Arbitration is traditionally bi-lateral: Claimant versus Respondent. At the other end of the spectrum is class arbitration: representative Claimants versus Respondent. Between them is joined or collective arbitration, where multiple Claimants with common but separate agreements assert unified claims in their own names. Are joined or collective arbitrations proper? Do they run afoul of the expectations of one-on-one arbitration, including confidentiality and individual rights of neutral selection? On the other hand, do they preserve the benefits that class arbitration offers? How does this differ from consolidated arbitrations? And who decides if it is proper? The panel of arbitrators, including a federal judge with such experience, will discuss this cutting edge arbitration topic.
Stuart Widman, Miller Shakman & Beem, LLP, Chicago, IL
Peter Silverman, Shumaker, Loop & Kendrick, LLP, Toledo, OH
Richard Neville, JAMS, Inc., Chicago, IL
Joan Lefkow, Judge, Eastern Division USDC-Northern District of Illinois, Chicago, IL
What Clients Really Want From Their Arbitrators
Company dissatisfaction with domestic arbitration has been increasing. The Cornell/CPR/Pepperdine Fortune 1000 Survey comparing 1997 arbitration satisfaction and usage to 2010 practices shows a steep decline in use of arbitration across all types of commercial disputes. This panel of highly experienced in-house arbitration specialists from different industries will talk about the specific actions they want to see from the arbitrators they hire. Specific and direct recommendations about case management practices, discovery, scheduling, addressing conflicts, and many other aspects of concern will be addressed in detail. These company lawyers want arbitrators to understand exactly what will bring repeat business and increase their company satisfaction with arbitration. Rather than a typical panel talking about dissatisfaction, these arbitration specialists will provide the prescription for increasing use of arbitration.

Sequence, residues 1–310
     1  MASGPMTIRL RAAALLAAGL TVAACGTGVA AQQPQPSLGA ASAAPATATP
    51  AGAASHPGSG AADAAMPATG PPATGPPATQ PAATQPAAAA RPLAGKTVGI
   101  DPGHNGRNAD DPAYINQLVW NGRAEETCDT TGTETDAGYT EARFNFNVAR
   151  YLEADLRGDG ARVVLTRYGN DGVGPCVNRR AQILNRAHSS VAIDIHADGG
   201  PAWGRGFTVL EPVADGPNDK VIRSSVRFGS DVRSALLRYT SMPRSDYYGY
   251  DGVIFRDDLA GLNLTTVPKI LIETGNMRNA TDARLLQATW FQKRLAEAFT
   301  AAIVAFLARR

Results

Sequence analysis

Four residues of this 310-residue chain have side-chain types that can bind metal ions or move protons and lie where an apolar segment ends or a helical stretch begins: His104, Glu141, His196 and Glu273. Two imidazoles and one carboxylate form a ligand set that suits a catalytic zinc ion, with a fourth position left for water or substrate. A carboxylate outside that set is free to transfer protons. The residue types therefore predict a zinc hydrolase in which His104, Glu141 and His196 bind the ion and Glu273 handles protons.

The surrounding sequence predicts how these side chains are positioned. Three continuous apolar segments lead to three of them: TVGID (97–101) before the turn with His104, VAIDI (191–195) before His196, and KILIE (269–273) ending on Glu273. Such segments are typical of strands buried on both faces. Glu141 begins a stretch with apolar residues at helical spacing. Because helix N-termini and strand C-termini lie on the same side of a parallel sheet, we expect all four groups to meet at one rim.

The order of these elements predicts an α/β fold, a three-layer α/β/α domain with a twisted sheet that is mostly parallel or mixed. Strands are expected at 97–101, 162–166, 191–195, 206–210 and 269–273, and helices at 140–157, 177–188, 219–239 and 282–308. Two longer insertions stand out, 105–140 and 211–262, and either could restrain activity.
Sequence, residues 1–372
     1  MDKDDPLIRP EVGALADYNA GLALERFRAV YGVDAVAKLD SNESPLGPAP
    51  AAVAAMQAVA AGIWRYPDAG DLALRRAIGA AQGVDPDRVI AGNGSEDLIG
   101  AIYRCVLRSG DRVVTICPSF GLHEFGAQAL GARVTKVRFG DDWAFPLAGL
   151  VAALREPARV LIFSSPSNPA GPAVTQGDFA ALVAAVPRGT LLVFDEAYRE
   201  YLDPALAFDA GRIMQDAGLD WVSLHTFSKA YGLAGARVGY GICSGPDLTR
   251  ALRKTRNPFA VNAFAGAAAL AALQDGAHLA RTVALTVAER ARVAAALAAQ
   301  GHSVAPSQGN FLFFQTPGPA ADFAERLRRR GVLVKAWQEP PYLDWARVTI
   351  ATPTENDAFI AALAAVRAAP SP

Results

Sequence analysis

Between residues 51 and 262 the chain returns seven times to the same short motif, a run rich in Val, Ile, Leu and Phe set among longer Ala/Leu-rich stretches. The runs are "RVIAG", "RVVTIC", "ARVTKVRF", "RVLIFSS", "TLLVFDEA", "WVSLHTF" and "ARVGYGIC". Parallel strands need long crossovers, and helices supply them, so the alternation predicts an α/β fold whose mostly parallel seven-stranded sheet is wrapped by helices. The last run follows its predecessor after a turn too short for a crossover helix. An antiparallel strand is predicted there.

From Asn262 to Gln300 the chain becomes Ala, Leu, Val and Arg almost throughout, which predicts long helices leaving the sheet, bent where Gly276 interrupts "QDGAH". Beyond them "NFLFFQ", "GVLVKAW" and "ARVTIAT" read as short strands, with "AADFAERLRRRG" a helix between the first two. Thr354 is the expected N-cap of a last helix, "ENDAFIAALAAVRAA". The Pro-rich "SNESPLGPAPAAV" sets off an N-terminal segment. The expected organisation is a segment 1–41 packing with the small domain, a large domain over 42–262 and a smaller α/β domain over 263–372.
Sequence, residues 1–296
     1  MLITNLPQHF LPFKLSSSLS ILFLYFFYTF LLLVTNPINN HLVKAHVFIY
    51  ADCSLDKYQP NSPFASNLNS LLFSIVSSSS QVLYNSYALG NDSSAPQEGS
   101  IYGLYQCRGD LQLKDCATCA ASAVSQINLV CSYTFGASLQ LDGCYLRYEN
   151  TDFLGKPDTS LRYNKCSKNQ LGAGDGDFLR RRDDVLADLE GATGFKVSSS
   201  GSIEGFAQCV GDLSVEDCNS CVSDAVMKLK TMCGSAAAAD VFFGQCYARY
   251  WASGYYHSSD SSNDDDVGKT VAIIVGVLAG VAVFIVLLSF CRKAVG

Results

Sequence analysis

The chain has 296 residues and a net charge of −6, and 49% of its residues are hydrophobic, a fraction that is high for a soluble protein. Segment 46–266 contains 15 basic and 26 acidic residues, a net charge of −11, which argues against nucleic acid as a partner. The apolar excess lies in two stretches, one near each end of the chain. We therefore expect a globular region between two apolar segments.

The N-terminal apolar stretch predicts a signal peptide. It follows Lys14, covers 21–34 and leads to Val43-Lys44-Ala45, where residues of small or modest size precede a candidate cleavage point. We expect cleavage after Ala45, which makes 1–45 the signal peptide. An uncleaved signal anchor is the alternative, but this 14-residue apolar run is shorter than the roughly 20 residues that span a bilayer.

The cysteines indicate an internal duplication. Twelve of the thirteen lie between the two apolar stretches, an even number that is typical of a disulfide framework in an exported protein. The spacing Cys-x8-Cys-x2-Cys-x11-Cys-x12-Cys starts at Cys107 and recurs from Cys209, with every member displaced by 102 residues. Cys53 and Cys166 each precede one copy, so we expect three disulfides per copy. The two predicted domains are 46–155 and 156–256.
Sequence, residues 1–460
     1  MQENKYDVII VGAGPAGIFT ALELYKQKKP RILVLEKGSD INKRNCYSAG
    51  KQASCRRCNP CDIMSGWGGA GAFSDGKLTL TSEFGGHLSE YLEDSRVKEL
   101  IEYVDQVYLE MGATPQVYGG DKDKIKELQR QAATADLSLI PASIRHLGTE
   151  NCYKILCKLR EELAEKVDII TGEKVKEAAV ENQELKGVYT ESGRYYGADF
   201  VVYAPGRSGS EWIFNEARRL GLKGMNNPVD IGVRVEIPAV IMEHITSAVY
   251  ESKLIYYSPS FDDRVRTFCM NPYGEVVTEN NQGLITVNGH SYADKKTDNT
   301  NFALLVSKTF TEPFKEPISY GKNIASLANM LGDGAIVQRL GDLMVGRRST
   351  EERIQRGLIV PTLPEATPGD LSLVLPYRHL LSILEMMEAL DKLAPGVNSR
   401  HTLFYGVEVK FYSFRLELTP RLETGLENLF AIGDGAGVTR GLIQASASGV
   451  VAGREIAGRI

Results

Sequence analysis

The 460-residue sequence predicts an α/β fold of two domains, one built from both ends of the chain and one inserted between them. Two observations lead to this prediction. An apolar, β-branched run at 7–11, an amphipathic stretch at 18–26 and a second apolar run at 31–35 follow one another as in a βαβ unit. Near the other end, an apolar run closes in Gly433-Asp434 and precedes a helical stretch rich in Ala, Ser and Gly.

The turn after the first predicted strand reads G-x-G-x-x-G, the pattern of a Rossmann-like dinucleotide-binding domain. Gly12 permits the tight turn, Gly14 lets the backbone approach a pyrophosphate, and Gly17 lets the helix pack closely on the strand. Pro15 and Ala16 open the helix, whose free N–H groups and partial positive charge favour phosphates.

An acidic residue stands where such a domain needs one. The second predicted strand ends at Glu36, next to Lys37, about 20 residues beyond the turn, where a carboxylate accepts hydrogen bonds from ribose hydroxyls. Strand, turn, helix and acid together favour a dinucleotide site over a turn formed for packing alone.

Kathleen Bryan, CPR Institute, New York, NY
David Burt, DuPont, Wilmington, DE
Lester W. Scheifelbein, Jr., Lockheed Martin Corporation, Sunnyvale, CA
Patricia Connell, Ernst & Young, New York, NY
Vindicating Statutory Rights In Arbitration - Where Do We Stand Since Concepcion
The limitations on class arbitration in Concepcion are well known. But that decision has also called into question a core principle of arbitration. For over 20 years the Supreme Court has reaffirmed that for arbitration agreements to be enforceable they must permit the effective vindication of statutory rights. Recent lower court decisions relying on Concepcion, however, have cast doubt on this rule -- one which formed an important part of the Court’s analysis in the landmark Gilmer decision. This experienced panel will examine this important principle of arbitration law, explain how the leading arbitration administering organization is looking ahead in light of these new court rulings, and explore how these decisions will impact the future of arbitration.